What is the General Ledger?

Explaining the purpose of the General Ledger is perhaps a difficult task for any teacher of Accounting. One reason is because in this age of computers and information technology, the General Ledger does not any longer have an easily identifiable physical form.

In early times a Ledger would have taken the form of a book (see Figure 1), and hence the term "Bookkeeping". The purpose of such a ledger was to record transactions. The pages of the Ledger would have been ruled into columns to facilitate neatness and discipline in writing figures.

Figure 1: General Ledger kept in a book form

explanation of what is the general ledger

In more recent times, prior to the computer age, the General Ledger was a large loose-leaf document containing in a special adjustable binder (see Figure 2).

general ledger in book form

Figure 1

Figure 2: Loose leaf General Ledger format
How the general ledger used to look

The standard format for a page in a general ledger is portrayed by Figure 3 below. There are three columns for recording money - Debit, Credit and Balance. There is one page in the General Ledger for each Account, and typically the number of Accounts will be many, depending on the Chart of Accounts.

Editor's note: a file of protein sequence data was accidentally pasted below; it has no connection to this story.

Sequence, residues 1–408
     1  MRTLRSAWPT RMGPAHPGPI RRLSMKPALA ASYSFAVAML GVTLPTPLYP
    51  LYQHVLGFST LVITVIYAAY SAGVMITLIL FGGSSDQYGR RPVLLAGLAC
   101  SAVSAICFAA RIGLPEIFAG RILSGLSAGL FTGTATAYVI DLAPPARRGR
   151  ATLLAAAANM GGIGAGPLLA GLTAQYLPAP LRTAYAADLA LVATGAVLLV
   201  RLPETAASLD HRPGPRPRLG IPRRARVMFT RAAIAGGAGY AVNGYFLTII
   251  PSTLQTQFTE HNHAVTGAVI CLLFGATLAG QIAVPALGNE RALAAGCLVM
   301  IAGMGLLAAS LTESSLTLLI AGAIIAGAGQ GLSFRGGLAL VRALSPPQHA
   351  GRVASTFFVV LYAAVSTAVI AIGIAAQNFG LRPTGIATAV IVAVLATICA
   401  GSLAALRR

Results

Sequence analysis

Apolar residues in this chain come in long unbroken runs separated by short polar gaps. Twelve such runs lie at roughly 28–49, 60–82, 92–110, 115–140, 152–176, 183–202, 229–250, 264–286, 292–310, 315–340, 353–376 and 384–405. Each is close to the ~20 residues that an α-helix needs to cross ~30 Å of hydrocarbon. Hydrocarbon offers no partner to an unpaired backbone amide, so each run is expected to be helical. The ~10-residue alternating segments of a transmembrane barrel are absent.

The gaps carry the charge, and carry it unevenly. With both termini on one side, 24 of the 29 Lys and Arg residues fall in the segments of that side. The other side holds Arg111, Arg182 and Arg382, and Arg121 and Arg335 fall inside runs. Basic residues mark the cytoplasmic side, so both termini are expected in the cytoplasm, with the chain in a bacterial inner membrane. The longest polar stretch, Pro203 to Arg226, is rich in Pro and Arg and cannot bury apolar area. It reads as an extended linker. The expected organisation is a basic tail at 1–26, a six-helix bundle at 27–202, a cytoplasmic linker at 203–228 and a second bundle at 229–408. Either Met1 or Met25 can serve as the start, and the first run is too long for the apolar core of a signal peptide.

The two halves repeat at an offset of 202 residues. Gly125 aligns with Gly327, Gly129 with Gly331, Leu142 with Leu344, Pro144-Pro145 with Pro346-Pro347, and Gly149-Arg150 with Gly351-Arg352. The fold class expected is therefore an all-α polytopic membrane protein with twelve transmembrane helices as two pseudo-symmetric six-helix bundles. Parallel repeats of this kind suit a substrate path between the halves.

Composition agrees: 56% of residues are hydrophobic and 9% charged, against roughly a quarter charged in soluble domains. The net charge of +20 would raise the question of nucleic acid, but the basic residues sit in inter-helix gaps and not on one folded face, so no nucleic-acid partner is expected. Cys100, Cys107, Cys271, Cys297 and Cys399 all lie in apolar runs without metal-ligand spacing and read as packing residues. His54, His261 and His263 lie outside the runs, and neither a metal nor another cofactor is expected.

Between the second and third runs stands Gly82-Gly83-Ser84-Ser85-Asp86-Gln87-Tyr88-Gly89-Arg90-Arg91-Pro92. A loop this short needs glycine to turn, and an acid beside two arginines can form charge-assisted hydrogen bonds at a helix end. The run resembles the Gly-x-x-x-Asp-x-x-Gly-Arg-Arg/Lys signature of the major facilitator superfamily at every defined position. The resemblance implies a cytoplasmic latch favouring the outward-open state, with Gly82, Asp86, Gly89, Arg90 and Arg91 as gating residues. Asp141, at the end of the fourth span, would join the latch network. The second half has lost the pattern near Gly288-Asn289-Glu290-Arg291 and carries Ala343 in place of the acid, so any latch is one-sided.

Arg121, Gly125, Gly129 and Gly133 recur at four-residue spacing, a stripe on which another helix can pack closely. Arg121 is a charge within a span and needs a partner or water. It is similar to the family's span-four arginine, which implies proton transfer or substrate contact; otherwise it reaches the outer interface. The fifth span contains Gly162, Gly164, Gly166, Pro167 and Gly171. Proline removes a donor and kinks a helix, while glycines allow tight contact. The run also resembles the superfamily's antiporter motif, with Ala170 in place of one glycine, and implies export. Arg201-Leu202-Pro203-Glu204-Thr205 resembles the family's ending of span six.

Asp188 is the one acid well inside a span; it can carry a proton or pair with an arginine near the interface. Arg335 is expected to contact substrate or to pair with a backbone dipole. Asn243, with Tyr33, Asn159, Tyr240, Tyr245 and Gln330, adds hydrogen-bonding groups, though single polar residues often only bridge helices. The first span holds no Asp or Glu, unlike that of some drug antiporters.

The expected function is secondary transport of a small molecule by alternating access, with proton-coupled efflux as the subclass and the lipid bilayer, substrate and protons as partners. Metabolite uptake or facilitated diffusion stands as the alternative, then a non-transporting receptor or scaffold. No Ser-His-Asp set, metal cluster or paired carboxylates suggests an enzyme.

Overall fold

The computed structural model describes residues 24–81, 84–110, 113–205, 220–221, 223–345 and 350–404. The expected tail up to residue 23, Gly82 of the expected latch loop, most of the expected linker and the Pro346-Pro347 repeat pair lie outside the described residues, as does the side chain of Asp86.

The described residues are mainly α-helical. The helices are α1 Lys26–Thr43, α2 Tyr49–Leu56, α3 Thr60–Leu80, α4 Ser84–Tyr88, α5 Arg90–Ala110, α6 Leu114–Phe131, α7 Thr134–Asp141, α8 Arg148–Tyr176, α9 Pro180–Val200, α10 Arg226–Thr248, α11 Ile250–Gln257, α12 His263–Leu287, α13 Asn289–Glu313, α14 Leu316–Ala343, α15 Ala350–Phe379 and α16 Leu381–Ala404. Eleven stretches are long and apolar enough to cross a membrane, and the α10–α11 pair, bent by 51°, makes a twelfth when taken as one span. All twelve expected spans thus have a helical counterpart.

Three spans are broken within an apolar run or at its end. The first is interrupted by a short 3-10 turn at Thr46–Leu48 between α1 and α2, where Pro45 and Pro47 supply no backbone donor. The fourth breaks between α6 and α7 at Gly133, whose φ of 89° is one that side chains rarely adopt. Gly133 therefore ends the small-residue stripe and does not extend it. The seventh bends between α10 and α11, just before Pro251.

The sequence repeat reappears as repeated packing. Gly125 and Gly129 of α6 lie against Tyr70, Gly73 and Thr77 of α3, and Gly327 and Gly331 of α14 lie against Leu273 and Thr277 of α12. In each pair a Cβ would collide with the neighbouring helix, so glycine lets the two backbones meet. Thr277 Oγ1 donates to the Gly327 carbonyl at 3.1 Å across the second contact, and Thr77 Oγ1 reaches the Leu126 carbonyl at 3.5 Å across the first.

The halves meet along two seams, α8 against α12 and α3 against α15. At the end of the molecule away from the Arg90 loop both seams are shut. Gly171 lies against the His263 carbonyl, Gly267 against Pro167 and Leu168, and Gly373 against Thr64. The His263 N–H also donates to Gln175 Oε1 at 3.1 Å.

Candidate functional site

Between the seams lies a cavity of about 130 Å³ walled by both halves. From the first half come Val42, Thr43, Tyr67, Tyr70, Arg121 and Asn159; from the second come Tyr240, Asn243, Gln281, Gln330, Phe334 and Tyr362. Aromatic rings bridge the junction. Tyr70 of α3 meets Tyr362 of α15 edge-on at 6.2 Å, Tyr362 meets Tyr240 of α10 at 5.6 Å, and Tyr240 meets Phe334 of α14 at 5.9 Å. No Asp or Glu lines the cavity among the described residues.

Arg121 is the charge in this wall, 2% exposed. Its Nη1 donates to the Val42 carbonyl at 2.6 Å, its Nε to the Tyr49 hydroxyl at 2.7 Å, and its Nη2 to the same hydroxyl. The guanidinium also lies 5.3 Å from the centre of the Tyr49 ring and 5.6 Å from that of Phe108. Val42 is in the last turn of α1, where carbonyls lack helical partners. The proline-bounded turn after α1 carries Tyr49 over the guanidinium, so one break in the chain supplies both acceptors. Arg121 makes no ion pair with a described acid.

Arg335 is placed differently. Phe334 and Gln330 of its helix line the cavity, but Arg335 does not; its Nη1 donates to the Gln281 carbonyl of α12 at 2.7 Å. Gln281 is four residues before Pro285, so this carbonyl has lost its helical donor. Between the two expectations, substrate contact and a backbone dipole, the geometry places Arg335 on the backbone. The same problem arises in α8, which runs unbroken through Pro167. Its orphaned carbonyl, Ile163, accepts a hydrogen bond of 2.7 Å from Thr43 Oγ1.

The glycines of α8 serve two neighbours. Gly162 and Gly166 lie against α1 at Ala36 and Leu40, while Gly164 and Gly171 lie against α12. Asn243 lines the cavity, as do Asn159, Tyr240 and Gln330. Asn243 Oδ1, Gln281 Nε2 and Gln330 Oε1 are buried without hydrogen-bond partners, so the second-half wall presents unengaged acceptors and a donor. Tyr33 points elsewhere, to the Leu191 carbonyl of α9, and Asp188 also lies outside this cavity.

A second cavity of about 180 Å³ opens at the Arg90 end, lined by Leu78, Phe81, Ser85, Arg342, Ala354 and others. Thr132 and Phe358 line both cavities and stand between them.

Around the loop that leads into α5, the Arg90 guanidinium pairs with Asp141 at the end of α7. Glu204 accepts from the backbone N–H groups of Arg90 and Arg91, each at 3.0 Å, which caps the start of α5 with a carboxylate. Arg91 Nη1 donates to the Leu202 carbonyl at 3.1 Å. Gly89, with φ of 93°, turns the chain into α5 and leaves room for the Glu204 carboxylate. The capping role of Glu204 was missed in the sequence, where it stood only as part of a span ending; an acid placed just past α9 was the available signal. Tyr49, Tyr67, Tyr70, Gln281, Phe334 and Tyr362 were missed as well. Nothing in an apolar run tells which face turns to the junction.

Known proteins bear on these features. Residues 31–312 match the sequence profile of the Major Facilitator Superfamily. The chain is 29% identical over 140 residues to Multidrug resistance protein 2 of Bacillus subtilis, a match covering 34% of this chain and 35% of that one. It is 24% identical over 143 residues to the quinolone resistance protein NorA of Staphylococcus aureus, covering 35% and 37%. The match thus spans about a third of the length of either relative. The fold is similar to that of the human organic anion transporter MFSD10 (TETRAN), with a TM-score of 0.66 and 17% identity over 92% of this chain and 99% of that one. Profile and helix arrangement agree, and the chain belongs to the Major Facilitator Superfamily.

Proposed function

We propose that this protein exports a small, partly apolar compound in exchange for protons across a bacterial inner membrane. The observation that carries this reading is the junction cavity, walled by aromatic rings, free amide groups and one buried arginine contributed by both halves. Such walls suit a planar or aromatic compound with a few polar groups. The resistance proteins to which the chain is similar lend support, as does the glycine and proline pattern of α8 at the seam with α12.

Provided the General Ledger is up to date, the General Ledger will show the current balance of each account. In Figure 3 below, the balance of the Cash at Bank A/c is $6,927.10. The account shows the Cash Receipts every month (money coming in) and Cash Payments (money going out). The monthly figures for Cash Receipts and Cash Payments are in fact the totals posted from the Cash Receipts Journal and Cash Payments Journals.

Figure 3: Format of the General Ledger

illustration of a page in the general ledger

Perhaps the best way to explain the purpose of the General Ledger is to provide a diagram (see figure 4 below).

First of all, it is important to remember that the purpose of the Accounting Process is to summarise, record and make sense of, the thousands of financial transactions that occur in a year, so that Financial Reports can be produced.

The General Ledger receives, on a monthly basis, summarised information from the Journals (which are themselves the basic day-to-day record of transactions). This is illustrated in Figure 3 above where you can see information being recorded on a monthly basis.

At the end of the financial year, the General Ledger then provides a final balance for each account, summarising all the monthly journal postings.


Figure 4

diagram showing the use of the general ledger in the accounting system

Today, in most businesses, the General Ledger is a component of Financial Accounting Software and exists in the form of an electronic database.

In teaching the General Ledger, however, most teachers still revert to explanations which use the earlier paper-based format. The explanation given on this web page will also rely on the paper-based form.



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